Why Film?

Film is something I have enjoyed from a very young age. It has shaped my life in many ways. Among my friends and family, I am considered a ‘film buff’ – a title I wear proudly, even though I have definitely seen only a fraction of the amazing cinema out there. Even a fraction of films my older brother has seen. But he’s got four years on me…

One thing I have learned along the way watching probably 400-500 films, is that film and filmmaking is perhaps the most holistic creative endeavour.

At my time at university, I studied Film. Initially, I admit, I took it as a ‘bludge class’ that would get me two hours a week watching a film and, with my hubristic approach to academia and analysis, an easy passing grade.

For the most part, I was right. But it was a great experience for my young brain. I was exposed to several genres of film, directors, eras, and above all, the process.

To the passive cinemagoer, a film is made for consumption alongside their Malteasers, large popcorn and carbonated drink. Maybe an explosion, a laugh and the odd spot of nudity. Nothing wrong with all of that.

But when I go to the movies, I never buy any refreshments, because I want to be able to:

  1. hear dialogue without the crackle of plastic annoying me and others (I wish others would be so kind as to do the same) and
  2. not have to go to the bathroom to relieve myself of 1.25 litres of Coke. I’d rather actually watch the damn thing that I paid for. In emergency situations, I have trained my bladder to hold on.

(Also, why do people look at their phones during films? The giant screen and surround sound isn’t enough for them? Also, stop talking…please)

Anyway, my point is I go to the movies and watch a film appreciating every aspect that went into it.

From the initial idea, to storyboarding and screenplay, to pre-production, to casting, to shooting, to music composition, to editing, to distribution…and even then it’s not a guaranteed financial or critical success.

Any person invested in any of those particular aspects of the film making process will say that their aspect is the most important. But I think they are all equally important.

So what can we all learn from how a film is made? Having made a few dozen films myself in this business and in other endeavours, I am starting to scratch the surface of lessons learned. I hope the following is a useful insight into my own experience that you can apply to your life and your business.

 

There Is Probably Someone Better Than You – Get Used To It

Ouch, right? Sucks to hear but it’s true. There will always be a better writer or better composer or someone who picked this song over another to go in this particular place. Blah blah blah – who cares? The good news is, you can use them. There is no way that one person can do absolutely everything. There are very few successful figures who do EVERYTHING in their films.

Notable exceptions are guys like John Carpenter (Halloween, Escape from New York) who have the cojones to not only direct but also compose the music. Then of course you have the director/lead actor egomaniacs (whom I admire) like Ben Affleck (The Town) and Joel Edgerton (The Gift).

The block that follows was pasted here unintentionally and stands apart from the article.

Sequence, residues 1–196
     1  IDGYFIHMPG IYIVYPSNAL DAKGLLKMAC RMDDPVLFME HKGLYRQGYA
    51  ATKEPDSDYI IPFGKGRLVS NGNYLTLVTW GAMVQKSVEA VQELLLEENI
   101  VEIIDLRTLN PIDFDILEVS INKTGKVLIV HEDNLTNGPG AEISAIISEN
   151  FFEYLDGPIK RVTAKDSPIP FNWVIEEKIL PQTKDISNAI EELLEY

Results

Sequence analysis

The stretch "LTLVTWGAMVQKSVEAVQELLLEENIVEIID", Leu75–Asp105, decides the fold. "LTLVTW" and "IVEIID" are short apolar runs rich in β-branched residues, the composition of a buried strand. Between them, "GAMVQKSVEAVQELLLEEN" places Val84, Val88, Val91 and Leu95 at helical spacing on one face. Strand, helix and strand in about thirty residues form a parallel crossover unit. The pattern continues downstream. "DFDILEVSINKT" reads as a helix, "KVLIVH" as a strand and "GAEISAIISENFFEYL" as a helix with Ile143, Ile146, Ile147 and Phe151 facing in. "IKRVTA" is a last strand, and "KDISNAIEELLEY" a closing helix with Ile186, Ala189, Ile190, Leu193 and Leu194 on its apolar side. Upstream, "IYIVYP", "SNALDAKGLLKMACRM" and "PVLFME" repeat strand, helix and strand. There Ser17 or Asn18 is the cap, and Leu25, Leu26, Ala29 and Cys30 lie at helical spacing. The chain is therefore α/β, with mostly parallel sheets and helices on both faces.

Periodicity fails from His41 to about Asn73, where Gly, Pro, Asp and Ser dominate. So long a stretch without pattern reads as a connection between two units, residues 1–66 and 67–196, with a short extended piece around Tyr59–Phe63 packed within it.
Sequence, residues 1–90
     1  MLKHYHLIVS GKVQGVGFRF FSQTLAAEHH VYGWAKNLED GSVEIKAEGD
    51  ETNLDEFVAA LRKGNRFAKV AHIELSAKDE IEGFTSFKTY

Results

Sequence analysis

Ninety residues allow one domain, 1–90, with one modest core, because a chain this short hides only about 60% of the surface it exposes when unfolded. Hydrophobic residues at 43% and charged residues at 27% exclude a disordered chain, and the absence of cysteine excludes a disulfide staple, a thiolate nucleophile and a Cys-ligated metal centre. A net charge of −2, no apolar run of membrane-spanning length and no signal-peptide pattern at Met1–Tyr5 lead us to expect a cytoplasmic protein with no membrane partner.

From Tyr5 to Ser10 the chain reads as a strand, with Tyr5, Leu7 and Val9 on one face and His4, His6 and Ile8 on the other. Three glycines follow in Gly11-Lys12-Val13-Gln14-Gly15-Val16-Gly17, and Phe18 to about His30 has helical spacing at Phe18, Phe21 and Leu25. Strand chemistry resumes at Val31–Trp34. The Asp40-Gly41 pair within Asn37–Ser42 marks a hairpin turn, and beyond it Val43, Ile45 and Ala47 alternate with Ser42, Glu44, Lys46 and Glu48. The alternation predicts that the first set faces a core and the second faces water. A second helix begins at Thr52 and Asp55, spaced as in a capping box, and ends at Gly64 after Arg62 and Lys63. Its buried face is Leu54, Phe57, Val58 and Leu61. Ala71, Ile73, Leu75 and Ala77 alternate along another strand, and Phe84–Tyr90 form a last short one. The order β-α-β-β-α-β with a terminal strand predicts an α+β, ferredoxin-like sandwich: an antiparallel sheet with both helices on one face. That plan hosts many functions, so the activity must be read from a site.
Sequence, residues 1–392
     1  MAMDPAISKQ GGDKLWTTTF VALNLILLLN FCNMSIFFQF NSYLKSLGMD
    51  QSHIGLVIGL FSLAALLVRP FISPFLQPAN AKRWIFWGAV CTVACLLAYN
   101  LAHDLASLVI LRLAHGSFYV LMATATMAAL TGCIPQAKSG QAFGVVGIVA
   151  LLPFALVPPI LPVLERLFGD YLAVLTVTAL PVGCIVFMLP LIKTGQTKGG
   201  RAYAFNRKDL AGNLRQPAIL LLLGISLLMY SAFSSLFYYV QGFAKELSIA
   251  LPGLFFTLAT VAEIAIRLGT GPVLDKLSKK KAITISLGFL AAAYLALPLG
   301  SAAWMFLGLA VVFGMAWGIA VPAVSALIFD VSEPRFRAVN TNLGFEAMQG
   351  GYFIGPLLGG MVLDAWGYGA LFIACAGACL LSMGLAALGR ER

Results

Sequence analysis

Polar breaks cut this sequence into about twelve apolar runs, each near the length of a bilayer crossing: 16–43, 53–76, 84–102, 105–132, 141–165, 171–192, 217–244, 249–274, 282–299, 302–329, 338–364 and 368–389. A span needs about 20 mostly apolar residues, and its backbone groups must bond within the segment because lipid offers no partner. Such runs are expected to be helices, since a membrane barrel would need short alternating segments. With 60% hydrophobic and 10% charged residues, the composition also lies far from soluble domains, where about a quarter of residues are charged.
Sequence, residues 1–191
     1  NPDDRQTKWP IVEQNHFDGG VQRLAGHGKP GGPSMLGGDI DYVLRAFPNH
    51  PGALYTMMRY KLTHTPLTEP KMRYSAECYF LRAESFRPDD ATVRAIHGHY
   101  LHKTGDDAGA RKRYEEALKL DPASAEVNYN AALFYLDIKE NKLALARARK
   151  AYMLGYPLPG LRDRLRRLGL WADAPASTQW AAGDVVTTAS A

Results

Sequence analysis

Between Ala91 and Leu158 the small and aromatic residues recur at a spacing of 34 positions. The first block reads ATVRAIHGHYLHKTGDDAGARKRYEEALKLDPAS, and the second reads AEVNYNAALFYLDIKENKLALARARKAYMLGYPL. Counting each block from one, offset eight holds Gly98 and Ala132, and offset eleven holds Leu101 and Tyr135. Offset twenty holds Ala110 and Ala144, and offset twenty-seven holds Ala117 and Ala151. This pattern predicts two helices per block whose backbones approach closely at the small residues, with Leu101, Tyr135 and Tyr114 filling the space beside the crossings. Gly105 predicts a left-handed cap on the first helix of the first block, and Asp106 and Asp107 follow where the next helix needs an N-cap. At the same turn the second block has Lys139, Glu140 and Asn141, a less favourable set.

These are the exceptions. For the most part, the film is made through many cogs in the machine. So swallow your pride and give up the task to someone better. For me, that was script writing. Oh boy did I think I was great at that. Until I wasn’t. Now I pay people to write scripts for me, because they are fantastic.

Added bonus: I now save time to focus on other things now.

What’s next?

 

Get organised

Making a feature film, or indeed any kind of film requires the ultimate level of organisation. If you are reading this, it’s probably not a huge revelation, some young CEO telling you to be organised. But duh, guess what happens when you don’t – it all falls apart.

This business - Video Spartan, is filmmaking. I have only really come to realise that recently, which is pretty insane. But it is! We write scripts, storyboard, animate/shoot, add music, edit and boom – video done.

I am proud of every video we produce – because it has been created from nothing. Best of all, it is designed to help our customers achieve their goals. It’s a functional film. And this is no different to a big feature film.

Look, don't get me mixed up. There’s nothing wrong with going to the movies and falling asleep or not paying attention (just get off your damned phone!). The cinema experience is a personal one, designed to entertain, shock, induce laughter, fear, regret, nostalgia, tiredness… all films have a function. If you look hard enough, you can see what that function is. For most folk, the cinema is a passive and social experience and sometimes I forget that. I tend to nerd out at the cinema and appreciate the organisation that went into it.

But next time you go to the movies, instead of stuffing your face with that choc-top, why don't you look at how the lighting in that particular scene made Tom Hanks look friendly/foreboding/harmless/psychopathic.

(Also hit me up if you can tell me about a recent Tom Hanks role where he has been a bad guy...)

 

Go Deeper

My brother recently recommended a YouTube channel to me, called “Every Frame A Painting”. Now studying film at university, I learned a lot of cool stuff. But it's pretty amazing how YouTube and the Internet in general has educated me before, during and since that time.

Every Frame a Painting is a film nerd's celluloid dream of insight, analysis and exploration of the medium of cinema.